When you file for Chapter 7 or Chapter 13 bankruptcy, you must complete a packet of forms. On one of those forms, Schedule J: Your Expenses, you list your average monthly expenses and describe any increases or decreases you anticipate to occur within the year after you file for bankruptcy.
(To learn about the other forms you must file in Chapter 7 and Chapter 13 bankruptcy, see Completing the Bankruptcy Forms.)
On Schedule J and Schedule I, you provide the court with detailed information about your current income and expenses. The court uses this information to determine if your Chapter 7 case is an “abuse” and you should instead file for Chapter 13. This can happen if your income substantially exceeds your expenses, even if you passed the means test (the test that determines if you qualify for Chapter 7). If you file for Chapter 13, this information helps the court and creditors determine if you will realistically be able to fund your proposed Chapter 13 plan, among other things.
You can find the most recent version of Schedule J on the U.S. Court’s website at uscourts.gov/forms/bankruptcy-forms. (To learn more about getting this and other forms, see The Bankruptcy Forms: Getting Started.)
On Schedule J you’ll provide a breakdown of your monthly expenses for you and your family. As with all forms, it is important to be accurate.
If you are filing a joint bankruptcy petition with your spouse, but you don’t live with your spouse, you must check the appropriate box. Your spouse must then complete Schedule J-2: Expenses for Separate Household of Debtor 2. Schedule J-2 is completed the same way as Schedule J – simply follow the instructions below. You can also find Schedule J-2 on the U.S. Court’s website at www.uscourts.gov.
You must list all of your dependents. Do not include names -- just the dependent's age and relationship to you. To learn who counts as a dependent for purposes of this form, see Listing Dependents on Schedule J of the Bankruptcy Petition.
When you complete the form, be sure to prorate your expenses so that they represent monthly amounts. Do not include payroll deductions that you have already listed on Schedule I.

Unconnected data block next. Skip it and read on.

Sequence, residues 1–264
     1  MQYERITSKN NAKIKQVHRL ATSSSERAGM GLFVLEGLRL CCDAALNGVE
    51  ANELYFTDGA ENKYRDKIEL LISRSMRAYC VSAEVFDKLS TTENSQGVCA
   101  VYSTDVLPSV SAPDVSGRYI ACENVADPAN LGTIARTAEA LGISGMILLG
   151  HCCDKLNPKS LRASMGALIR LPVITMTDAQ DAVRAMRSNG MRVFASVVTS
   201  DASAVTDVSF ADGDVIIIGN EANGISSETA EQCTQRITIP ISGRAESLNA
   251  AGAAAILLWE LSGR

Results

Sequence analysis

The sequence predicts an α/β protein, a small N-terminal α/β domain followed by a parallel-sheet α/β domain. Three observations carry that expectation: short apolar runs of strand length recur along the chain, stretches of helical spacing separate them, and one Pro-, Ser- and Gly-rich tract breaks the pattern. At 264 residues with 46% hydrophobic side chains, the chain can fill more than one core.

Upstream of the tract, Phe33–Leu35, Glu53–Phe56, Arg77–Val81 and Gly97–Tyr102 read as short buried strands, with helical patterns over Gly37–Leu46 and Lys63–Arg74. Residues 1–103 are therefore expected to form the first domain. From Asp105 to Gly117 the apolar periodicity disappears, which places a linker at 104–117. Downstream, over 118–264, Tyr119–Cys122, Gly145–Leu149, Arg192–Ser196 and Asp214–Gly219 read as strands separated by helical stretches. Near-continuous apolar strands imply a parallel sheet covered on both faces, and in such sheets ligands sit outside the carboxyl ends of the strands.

You are required to list all of your expenses, even if the expense category is not included on Schedule J. If you don’t see an appropriate place to list one of your expenses, use the “other” category. Examples of things you might list include pet supplies (such as food and litter), and gym memberships. Be prepared to explain why these expenses are reasonable.
Some people want to underestimate their expenses so they don’t look like they were living high on the hog. This could lead the trustee to believe you have enough money to fund a monthly Chapter 13 plan. On the other hand, others want to overestimate expenses so they are more likely to qualify for Chapter 7 bankruptcy. However, excessive expenses can trigger the trustee to ask you to provide proof in the way of receipts. Either way, resist this temptation. It’s your job to provide accurate information and if you don’t, you could run into trouble.
At the bottom of the form, you subtract your average monthly expenses (from this Schedule) from your average monthly income (calculated on Schedule I) to come up with your monthly net income.
If you expect your expenses to change within the year after you file for bankruptcy, explain those anticipated changes in the last section of the form.
This article provides general information only. There are many legal issues involved and important decisions to be made when filing for bankruptcy. You must understand the entire bankruptcy process, learn about the applicable federal and state laws, and determine how those laws will affect your particular situation before you complete the bankruptcy forms. If you want to file bankruptcy without a lawyer, use a good do-it-yourself book like Nolo's How to File for Chapter 7 Bankruptcy to ensure you make well informed decisions about your bankruptcy case.